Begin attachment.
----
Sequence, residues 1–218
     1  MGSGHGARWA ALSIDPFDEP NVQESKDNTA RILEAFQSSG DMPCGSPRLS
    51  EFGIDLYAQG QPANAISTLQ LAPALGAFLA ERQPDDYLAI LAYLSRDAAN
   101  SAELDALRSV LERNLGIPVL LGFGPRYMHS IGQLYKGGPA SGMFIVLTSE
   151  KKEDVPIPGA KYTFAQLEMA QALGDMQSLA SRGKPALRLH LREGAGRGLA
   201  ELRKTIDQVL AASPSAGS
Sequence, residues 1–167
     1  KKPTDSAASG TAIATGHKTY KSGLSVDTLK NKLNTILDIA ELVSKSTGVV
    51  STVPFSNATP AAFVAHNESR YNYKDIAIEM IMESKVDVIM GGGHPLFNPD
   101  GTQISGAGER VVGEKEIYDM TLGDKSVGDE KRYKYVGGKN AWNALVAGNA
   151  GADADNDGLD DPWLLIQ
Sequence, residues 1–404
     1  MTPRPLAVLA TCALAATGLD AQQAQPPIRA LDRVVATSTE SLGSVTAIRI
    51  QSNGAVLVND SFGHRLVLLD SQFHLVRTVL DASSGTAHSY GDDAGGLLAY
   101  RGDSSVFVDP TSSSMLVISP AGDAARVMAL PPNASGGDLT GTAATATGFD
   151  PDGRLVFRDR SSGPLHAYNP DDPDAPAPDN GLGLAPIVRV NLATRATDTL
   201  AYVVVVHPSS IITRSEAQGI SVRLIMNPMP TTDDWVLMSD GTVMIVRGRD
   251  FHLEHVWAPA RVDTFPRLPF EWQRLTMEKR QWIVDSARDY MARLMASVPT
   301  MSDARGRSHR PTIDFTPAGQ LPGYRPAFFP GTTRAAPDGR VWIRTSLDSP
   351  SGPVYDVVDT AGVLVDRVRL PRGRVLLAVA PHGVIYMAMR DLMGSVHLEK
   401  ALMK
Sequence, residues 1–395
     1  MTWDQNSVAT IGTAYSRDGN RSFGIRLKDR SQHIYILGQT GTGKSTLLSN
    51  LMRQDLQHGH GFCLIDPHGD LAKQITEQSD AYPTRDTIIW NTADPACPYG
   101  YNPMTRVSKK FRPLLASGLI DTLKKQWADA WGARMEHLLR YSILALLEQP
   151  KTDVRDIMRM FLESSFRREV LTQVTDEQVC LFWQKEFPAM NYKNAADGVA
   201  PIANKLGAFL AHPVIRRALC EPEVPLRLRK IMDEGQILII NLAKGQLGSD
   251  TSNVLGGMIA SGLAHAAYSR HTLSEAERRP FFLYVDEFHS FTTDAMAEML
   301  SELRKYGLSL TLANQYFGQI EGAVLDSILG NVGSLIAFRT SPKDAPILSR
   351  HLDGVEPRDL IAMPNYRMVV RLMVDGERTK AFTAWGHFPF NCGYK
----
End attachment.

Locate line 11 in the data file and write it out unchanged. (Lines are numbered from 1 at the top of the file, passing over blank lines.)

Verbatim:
   151  GADADNDGLD DPWLLIQ